Similarly to Alice in Wonderland, Peter Pan is one story that all of us have known since childhood. Due to its legacy, it’s one that we in the UK are constantly grateful for. It has an important presence and as a result of that it stays with us, no matter if we only experience it once or multiple times.
Originally released on 5th February 1953, it is the story of an eternal child, of imagination, dreams and adventure. It influences us to dream and create the fantasy worlds we’d love to explore and live in.
As someone who is fuelled by fantasy and stories, it’s odd that Disney’s Peter Pan is not a favourite of mine. I do love the imagination of Neverland, of being able to fly towards your dreams and keep them at arms length, but there’s something about it, whether that’s Peter Pan as a character or the theories behind him and Neverland, that I find a little unsettling. Nevertheless, there are times as an adult where I find myself wishing for those stolen moments of childhood and relating to Peter Pan’s desire to never grow up.
Whenever I experience Peter Pan now, it is always through the music. If I’m in the house alone I’m constantly humming or singing Second Star to the Right because it is one of those songs that takes me away from the reality of living a mundane existence. If I close my eyes and think of it, I’m also taken back to Disneyland Paris and watching Disney Dreams in its original incarnation. Even more so than Alice, which I experienced more as child, it helps me to cement the memories and the worlds I inhabited growing up. I’m going to elaborate more on the music in a later post, but the mixture of dreaminess, adventure, and imagination often takes my breath away (thanks in part to Mary Blair for the beautiful concept art) and I always think it works well for the Disney Studios as a whole.
In this respect, I find it ironic that Walt Disney himself was dissatisfied with the final film, describing Peter Pan as the protagonist to be cold and unlikeable. Despite this being a significant reason behind his dislike of Alice in Wonderland, I find that Walt himself embodies Peter Pan, always wanting to be that eternal child and bring worlds of imagination to people in varying ways. He was also an infuriating man behind the scenes, not always having the best relationship with everyone at the studios, so it does seem like a perfect marriage of personalities.
The second degree of irony comes from the fact that experts of JM Barrie praise Disney’s characterisation of Peter Pan, as they believe him to be originally written as a heartless sociopath. I’ve not yet read the original story all the way through so I can’t say whether I agree or not, but I do have conflicting opinions on Peter Pan’s narrow–minded hatred towards Captain Hook, a villain – and I can’t believe I’m saying this – for whom I feel the most sympathetic. Looking at it as an adult, I don’t think the struggle between my own childhood and adulthood is helping to ferment one specific opinion. Damn.
Moving aside Walt’s thoughts of Peter Pan, there is a third degree of irony in that Peter Pan is one of Disney’s most loved and commercially successful films, spawning a sequel and multiple franchises in Disney Fairies and Jake and the Neverland Pirates.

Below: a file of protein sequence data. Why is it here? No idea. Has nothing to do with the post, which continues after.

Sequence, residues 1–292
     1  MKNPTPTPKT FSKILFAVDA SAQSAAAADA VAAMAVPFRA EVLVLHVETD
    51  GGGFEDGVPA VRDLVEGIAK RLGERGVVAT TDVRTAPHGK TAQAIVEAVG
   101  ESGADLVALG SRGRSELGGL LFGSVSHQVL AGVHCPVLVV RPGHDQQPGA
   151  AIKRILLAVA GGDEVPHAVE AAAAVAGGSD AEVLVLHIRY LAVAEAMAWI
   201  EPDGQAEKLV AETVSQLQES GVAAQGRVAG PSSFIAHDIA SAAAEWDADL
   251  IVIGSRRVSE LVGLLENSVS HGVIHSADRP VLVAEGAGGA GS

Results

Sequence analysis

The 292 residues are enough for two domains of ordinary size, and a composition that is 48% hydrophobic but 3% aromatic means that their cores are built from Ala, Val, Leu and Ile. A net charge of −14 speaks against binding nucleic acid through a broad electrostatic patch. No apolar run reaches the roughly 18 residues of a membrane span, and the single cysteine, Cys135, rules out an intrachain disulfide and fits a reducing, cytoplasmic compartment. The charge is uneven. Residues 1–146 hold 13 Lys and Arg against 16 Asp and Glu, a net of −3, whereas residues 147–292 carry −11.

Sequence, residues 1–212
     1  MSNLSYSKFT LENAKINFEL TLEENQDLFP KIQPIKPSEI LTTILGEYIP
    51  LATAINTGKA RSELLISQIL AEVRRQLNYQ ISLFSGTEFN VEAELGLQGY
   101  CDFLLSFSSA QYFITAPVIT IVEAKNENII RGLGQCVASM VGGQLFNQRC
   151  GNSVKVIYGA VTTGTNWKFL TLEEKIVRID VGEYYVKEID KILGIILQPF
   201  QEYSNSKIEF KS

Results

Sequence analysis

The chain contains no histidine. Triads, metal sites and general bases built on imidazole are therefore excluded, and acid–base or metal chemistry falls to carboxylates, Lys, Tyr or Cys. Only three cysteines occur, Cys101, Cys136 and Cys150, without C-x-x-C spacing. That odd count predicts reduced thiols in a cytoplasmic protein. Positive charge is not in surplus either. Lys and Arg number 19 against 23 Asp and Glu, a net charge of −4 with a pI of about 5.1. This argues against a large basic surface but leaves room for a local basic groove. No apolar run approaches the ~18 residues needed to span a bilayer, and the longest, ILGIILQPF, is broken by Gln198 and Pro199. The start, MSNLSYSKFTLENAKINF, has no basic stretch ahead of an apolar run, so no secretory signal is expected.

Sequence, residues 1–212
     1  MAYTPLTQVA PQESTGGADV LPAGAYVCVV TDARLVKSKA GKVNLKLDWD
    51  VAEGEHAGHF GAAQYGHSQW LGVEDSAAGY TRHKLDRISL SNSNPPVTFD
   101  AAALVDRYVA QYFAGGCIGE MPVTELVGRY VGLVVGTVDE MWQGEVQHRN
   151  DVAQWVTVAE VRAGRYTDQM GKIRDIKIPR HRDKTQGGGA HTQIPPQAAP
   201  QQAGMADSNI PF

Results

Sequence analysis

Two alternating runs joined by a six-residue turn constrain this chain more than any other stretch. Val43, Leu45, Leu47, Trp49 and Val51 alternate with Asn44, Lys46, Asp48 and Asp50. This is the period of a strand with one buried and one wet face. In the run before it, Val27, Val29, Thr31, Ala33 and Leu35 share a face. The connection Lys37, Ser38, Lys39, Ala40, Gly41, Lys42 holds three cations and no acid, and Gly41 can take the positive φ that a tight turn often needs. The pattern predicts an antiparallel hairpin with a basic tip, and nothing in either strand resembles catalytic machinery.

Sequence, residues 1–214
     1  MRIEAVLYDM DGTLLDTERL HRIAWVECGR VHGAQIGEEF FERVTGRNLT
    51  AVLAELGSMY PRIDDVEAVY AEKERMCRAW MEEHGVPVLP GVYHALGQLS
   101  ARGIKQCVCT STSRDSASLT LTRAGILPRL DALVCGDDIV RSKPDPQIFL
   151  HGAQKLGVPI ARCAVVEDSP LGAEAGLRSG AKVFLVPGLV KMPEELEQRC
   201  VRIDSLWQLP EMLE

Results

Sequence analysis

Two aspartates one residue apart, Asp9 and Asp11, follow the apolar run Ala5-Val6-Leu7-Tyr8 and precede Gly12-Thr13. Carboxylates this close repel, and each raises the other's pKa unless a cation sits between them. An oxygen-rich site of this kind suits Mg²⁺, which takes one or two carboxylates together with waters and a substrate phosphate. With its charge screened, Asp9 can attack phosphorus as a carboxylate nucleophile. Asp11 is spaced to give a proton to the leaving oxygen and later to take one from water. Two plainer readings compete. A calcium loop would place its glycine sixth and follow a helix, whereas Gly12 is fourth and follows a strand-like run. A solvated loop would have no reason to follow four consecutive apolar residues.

Even I’ll admit my current love for Neverland and the vast imagination it brings derives from the Tinker Bell films and the beauty in Pixie Hollow. All that pixie dust, the different fairies, the colour in the world… It’s a world I always attempted to write about as a child so to see those personal dreams immortalised in the Disney Fairies franchise wakes my inner child and makes me want to try writing it down again.
Whether it is a favourite or not, Peter Pan as a film will always be there to influence our dreams and create our own Neverland. It’s an escape and in our current climate, I can imagine it being inhabited more and more often. No wonder the Peter Pan attraction at nearly all the theme parks needs a FastPass queue!
For all it takes is faith and trust, and a little bit of pixie dust!
A few facts:
It took Walt Disney four years to obtain the rights from Great Ormond Street Hospital in London, to whom JM Barrie had bequeathed them.
Many interpretations of the film were thrown around in story development – including Peter Pan’s backstory, him coming into Wendy’s house to kidnap her and make her a mother to the Lost Boys, Nana joining them on the journey to Neverland and the story to be told through her perspective.
Story and character development started in the late 30s and early 40s but they were interrupted by the outbreak of the Second World War. It was only until 1947 when the studio’s financial health improved that production commenced.
Had 6 theatrical releases:
- 3rd Feb 1953
- 14th May ’58
- 18th June ’69
- 18th June ’76
- 17th Dec ’82
- 14th July ’89
According to Margaret Kerry (Tinker Bell), when Disney first decided to make the film, Tinker Bell wasn’t even included in the credits. It wasn’t until Walt decided to use her and Jiminy Cricket as icons for the Disneyland that she became a true presence in the film.
In the original play Captain Hook’s hook is his right hand, but Disney artists felt that would limit his actions too much and switched it to be his left hand.
Disney attracted negative comments for their stereotypical depictions of Native Americans, as indeed did JM Barrie with his original play. It’s probably for that very reason that they do not appear in the 2002 sequel Return to Neverland.
What are your opinions on Peter Pan?
What would be on your personal Neverland?
Thanks for reading and have a brazzle dazzle day!